3. In regards to Aron Gamman, Buddhism and Stoicism, and Mr. Kaplan’s response to this, I could describe the sick dying child scenario as this. The more Buddhist part opens up our perceptions to understand everything in reality as much as we can, which invariably opens up the reality that people live, get sick, get better, or die. We openly understand the patient, the disease, and the open possibility of both recovery or death. The Buddhist part tells us that our perception may get int he way of understanding, so we must work around it, and the Stoic says that if we love the child and want what is best for the child, we must determine what is best for the child, which requires clear rational thought, which requires either detachment or for us to put our emotions aside, or the most stoic thing, to overcome emotions in situ and work in spite of them, as if they weren’t there.

    In the end, this person does not show much emotion either way. The more Buddhist tradition part means we have openly accepted either possibility, meaning we are not surprised if the child lives or dies. In fact, by accepting the bad as a possibility from the outcome, it is possible to mourn something before it happens. The absolute Stoic part does everything he can for the good of the child, and if child lives, he takes satisfaction that he did the right thing, if the child dies, he comes to terms with the fact that no more could be done. His calm peace in either outcome might not be from detachment, but rather through cold understanding. Mourning will not bring the dead child back, so what good does it do. Celebration could be in order in the case of victory, but the Stoic is more focused on the next problem then enjoying the moment of victory.

    In either outcome, the Stoic accepted both outcomes as the child hit the hospital, while many others who are blinded by passion and emotion do not come to terms well after the end of the outcome. We are calm throughout the journey, while others are losing themselves in their emotions of the moment. Perhaps some Stoics try to be detached from very important things, but for the rest of us, it is a naturally cold nature, or simply serenity from accepting what is. I did what I could, and I could not do more, let’s move on. Or, I did not do enough, I should feel guilt which I will turn into self improvement to help others in the future. My reason does more good than my emotions.

    I may have no heart, but I have a deep soul. I care about the child, and will do what is best for the child. But I cannot care about things beyond my control, otherwise there is no serenity. Thus, we live in the moment of each part, as it comes, rather than in the possibility of what might come, even if we have accepted and understand those possibilities well. While the patient is dying, we should not be too upset with the negative outcome, or even the positive one, because it will interfere with us dealing with the reality fo the child in the bed that is, and what we can do for him. Make good decisions, make good and pleasant conversation and interaction. The end is inevitable, so we’ll do the best we can waiting for it to arrive, regardless of what it is.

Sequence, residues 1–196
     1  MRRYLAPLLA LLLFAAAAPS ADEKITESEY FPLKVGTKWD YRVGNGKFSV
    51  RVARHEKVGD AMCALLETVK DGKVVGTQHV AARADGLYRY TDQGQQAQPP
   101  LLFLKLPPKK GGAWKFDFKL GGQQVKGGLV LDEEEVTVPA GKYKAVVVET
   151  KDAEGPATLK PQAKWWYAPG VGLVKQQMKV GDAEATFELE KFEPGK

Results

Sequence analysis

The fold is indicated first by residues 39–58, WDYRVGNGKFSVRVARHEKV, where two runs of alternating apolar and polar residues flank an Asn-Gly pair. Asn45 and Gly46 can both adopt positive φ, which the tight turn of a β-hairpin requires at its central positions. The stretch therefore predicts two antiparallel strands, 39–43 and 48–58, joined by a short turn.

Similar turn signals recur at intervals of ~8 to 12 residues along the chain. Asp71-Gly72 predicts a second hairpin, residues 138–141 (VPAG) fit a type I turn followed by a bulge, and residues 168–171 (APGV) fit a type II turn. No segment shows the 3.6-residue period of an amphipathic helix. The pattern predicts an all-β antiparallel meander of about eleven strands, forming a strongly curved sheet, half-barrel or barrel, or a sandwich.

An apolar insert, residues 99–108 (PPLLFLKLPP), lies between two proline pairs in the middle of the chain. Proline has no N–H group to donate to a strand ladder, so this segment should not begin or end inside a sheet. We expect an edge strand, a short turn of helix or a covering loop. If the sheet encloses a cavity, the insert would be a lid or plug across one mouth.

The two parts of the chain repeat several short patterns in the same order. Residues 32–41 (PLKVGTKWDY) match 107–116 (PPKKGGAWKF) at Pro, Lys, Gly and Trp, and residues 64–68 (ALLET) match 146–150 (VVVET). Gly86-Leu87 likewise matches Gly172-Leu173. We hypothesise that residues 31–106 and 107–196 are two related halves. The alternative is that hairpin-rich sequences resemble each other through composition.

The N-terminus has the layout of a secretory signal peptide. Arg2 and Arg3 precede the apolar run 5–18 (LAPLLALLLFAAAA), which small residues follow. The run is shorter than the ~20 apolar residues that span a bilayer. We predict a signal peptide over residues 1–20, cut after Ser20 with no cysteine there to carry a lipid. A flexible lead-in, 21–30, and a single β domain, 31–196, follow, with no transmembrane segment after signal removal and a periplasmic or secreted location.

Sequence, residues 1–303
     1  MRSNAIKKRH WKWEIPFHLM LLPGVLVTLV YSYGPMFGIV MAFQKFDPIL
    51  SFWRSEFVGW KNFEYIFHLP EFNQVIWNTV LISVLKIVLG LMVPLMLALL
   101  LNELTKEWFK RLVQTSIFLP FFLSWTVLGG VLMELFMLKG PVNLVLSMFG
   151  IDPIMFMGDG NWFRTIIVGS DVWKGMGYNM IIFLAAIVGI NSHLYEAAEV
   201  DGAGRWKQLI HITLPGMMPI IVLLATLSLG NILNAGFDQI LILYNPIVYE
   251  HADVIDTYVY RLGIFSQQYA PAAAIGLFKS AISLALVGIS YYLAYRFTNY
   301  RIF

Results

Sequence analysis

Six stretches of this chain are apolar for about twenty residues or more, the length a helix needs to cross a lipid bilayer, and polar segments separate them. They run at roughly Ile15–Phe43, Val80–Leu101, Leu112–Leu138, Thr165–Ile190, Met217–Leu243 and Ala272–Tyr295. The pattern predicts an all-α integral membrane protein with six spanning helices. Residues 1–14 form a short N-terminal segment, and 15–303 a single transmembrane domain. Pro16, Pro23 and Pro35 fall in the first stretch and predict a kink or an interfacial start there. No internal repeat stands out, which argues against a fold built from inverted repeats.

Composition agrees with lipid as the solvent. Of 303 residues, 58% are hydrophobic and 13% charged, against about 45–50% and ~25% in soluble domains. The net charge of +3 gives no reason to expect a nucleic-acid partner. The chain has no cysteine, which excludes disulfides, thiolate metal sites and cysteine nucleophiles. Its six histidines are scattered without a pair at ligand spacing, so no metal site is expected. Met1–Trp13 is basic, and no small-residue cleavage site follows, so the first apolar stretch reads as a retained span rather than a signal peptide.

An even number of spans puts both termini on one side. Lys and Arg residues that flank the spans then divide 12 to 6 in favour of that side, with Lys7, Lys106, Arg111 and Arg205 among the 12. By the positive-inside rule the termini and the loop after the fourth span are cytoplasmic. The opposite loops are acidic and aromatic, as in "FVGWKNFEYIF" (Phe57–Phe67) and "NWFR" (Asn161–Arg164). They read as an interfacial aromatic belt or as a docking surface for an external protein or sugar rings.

Being a Stoic talking to a dying stoic is a peaceful, if boring, experience. The conversation is absolutely normal, as if everything were a normal day and the one person not facing death. But, that is because of the cool acceptance of both parties. You are dying, but not dead, so just live normally. Death comes for you if you like it or not. Don’t get upset, it will just ruin the time you have. You cannot live in the future of death. So, you might as well live till the moment you die.

    As for the main article, I’ll say that Marcus Aurelius did not so much see himself as a slave of circumstance, but rather describes much of the classic view of classicism, from of course, I’m part of. The classic view of the nobility is that power is not for personal use or abuse, but rather your station in life was a duty, it was servitude. So the peasant serves the king, the king also serves the peasant. The wife serves her husband, but the husband also serves the wife. The ox serves the farmer, but the farmer must also take care of his ox. The master is in a place of responsibility, as well as power. The manoral contract wasn’t just giving free stuff to the guy running things, like the kinds of lies modern teachings tell us, the serf gave to the manor, and the manor also took care of the serf, feeding him in dire times, making sure he had work and security, protecting him and his property, it was a system of mutual servitude. The evil man sees power as opportunity for himself, the good and noble man sees it as a heavy burden of servitude to his charges. This is why the modern machine makes me sick. Self absorption and self servitude are abhorrent in places of power, and it, like it has always been in centralized government, become the new norm.

    Also, you are dead right on ataraxia itself, nothing to improve upon there. Caring about nothing is living death, but a life filled with passion over trivial things is a life of almost no values, either. The trivial things become spiritual cancer, as they grow in number and importance, they push aside the important and healthy things. Soon, our passions and concerns are eaten up by nothings, and the important things die. If a man is not careful, he will become a ball of raging emotion, a tempest in a teapot, all about things that, deep inside of his own heart, he does not really care about. We can find people enraged by everything, but passionate about nothing. They care so much about so many things, but love or really care about few things to nothing. Beyond Stoicism and rationalism, there is a good case that too much care about nothings eventually hollow out the man who does like to feel.

    And, perhaps i should eventually try to exceed simply being a hermit living in a cabin in the peaceful woods. But, I’ve observed those how have worked hard and accomplished great things materially.. I have become disgusted with some of this notion, because I’ve met far too many who have not been made happy by this “success”. Worst of all, I sometimes see the sick hunger in their eyes, as the more they get, the more they desire, they feed the fire that only burns and tortures them. There is something to be said of making peace with where you are, and also for improvement.

    Sorry if I once again prattled on too long.

    • These are good points! Don’t worry about talking too much — it is all on point and interesting! Your manorial point reminds me of Confucius, who, as the Taoists used to say, was the best Taoist — cause he didn’t know he was a Taoist. Or maybe knew but didn’t say.